A blog about yoga, life, health and healing.
When my kids were little, every Easter the family would get together to celebrate.
The most anticipated event for the kids was the easter egg hunt. In the words of my now 20 year old son, it was a high stakes egg hunt because there was the potential to walk away with a lot of cash.
My sister in law would stay up all night and put a slip of paper with a dollar amount inside hundreds of plastic eggs, which she would then hide for the kids. The next morning after church, the fifteen cousins would be unleashed into the yard for the "high stakes" egg hunt.
We would have to keep them in a holding area before start time so that no one would have an unfair advantage. When it was time for the egg hunt to begin, someone would yell "GO!" and the kids would swarm the yard like bees on a honeycomb.
When the egg hunt was over, the kids would add up their total and take it to my father in law who would then dole out large sums of cash to the excited little kids.
It was remarkable that my son Ace would almost always end up with the most eggs despite the fact that many of his cousins were older than he was. I used to marvel at the way he would methodically examine the area in search of the lucrative little eggs. His concentration and focus was quite impressive despite his young age and the distraction of fourteen screaming kids running willy nilly around the yard. Each time an exclamation of "I found one" was made, the kids would run en masse to the same area in hopes of finding more money filled eggs there.
Ace, however, continued his search unaffected by the sights and sounds that were going on around him. He often found eggs in places that several kids had already searched but missed. Ace's concentration and focus served him well during those easter egg hunts.
The sixth limb of yoga recommends that we practice "dharana" which is translated as concentration or "one pointed focus".
Yoga Sutra 3.1 says, "concentration is the process of holding the attention of the mind onto one object or place".
Yoga Sutras 3.2 and 3.3 say in a nutshell that doing so quiets the mind giving you access to the deepest part of yourself where your wise and peaceful soul resides.
A one pointed focus is having the ability to concentrate on something while staying unduisturbed by internal and external distractions. Staying attentive to just one thing can be difficult because our minds often run willy nilly like kids at an egg hunt.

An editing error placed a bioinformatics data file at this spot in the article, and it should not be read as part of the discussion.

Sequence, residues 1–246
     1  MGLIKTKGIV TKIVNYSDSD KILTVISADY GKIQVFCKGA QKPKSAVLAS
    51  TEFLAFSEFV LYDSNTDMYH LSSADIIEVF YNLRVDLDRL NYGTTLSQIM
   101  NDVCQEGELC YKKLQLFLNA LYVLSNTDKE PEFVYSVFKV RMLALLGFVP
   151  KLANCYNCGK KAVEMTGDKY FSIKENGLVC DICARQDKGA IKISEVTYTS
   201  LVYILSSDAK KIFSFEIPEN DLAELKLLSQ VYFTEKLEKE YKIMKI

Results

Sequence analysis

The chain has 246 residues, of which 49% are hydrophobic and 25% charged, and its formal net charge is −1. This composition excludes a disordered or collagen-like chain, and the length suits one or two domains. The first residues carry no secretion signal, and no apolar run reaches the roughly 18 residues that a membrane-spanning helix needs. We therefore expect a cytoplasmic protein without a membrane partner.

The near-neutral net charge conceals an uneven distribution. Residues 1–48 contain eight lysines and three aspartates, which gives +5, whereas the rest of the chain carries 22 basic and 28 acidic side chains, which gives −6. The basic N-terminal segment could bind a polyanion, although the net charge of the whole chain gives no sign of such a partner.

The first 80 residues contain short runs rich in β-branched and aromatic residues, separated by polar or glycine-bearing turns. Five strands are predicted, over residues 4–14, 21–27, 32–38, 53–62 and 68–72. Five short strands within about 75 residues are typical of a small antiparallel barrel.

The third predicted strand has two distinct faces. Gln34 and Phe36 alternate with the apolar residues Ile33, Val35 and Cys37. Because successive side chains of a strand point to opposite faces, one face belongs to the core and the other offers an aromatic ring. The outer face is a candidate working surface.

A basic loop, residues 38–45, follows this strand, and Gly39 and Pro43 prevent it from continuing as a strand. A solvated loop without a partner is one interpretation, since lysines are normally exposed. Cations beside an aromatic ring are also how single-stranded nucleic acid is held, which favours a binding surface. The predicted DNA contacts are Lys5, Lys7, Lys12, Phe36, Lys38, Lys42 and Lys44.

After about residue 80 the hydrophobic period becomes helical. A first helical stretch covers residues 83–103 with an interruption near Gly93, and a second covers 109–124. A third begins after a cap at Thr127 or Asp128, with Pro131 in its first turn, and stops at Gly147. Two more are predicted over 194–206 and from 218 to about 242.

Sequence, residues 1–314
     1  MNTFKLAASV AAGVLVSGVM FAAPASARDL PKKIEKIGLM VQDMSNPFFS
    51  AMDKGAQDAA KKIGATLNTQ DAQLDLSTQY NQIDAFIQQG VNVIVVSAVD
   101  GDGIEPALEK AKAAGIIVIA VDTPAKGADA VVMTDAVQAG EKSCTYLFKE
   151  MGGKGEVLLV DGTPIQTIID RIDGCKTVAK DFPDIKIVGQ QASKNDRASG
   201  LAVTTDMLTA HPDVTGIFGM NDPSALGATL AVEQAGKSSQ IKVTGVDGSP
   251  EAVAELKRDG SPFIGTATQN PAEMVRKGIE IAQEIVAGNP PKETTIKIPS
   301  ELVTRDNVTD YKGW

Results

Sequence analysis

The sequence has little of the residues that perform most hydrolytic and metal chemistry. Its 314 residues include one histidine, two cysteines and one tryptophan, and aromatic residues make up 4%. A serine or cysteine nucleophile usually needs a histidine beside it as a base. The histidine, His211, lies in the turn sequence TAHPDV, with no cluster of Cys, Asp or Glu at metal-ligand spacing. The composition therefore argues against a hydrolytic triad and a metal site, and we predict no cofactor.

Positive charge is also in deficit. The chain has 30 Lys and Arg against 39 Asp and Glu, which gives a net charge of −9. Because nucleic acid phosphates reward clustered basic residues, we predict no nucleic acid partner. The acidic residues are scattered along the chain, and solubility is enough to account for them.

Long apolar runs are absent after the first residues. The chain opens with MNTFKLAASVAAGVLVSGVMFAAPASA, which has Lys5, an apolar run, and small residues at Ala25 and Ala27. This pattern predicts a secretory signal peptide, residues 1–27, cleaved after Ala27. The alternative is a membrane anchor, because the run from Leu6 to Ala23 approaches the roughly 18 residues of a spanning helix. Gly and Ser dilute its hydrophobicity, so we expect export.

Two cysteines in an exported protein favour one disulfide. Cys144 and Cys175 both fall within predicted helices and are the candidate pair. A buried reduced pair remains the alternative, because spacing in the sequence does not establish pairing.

Practicing giving your full attention to anything can also be called "mindfulness".
Whether you are focusing with your full attention on your breath, on your child, on your meal, or on your work, this practice can enrich your life and the lives of those around you. Imagine how much better your child or your friend would feel if you put down your cell phone, look them in the eye, and give them your undivided attention as they tell you their story.
The more we practice this one pointed mindfulness, the closer we get to a state of what author and yoga teacher Judith Hanson Lasater calls "being intensely present to what is".
When we are mindful and present, we will never miss those precious moments that are so often hidden in our day to day lives.
All Abhyasa Ahimsa Aparigraha Asmita-Ego Attachment Baron Baptiste Beginner's Mind Bramacharya Carl Jung Clear Seeing Colorless Comfortable Discomfort Creating Spaciousness In Mind And Body Cultivate The Opposite Deepak Chopra Dharma Empty Your Cup Enthusiasm Equanimity Family Fight Or Flight Great Vows Inner-awareness Inner Critic John Kabbatzinnb2faff332d Listening Mirrors To Ourselves Monkey Hunting Non Stealing Patanjali Pause Pillar Pleasure And Pain Posseses Us Practice Pratipaksa Bhavana Pratyahara Present Moment Present Moment Awareness Respond Instead Of React Samadhi Samskara Santosha Satya Sauca Sensual Pleasures Shadow Side Spirituality Steadiness And Ease Sthira And Sukha Strength Sustained Attention Svadhyaya There You Are Thich Nat Hahn This Too Shall Pass True Self Uncertainty Universal Truth What We Possess Wherever You Go Wisdom Yoga Philosophy Yoga Sutra 1. 14 Yoga Sutra 1.33 Yoga Sutra 2.33 Yoga Sutra 2 37cfe9965fa2 Yoga Sutra 2. 46 Yoga Sutras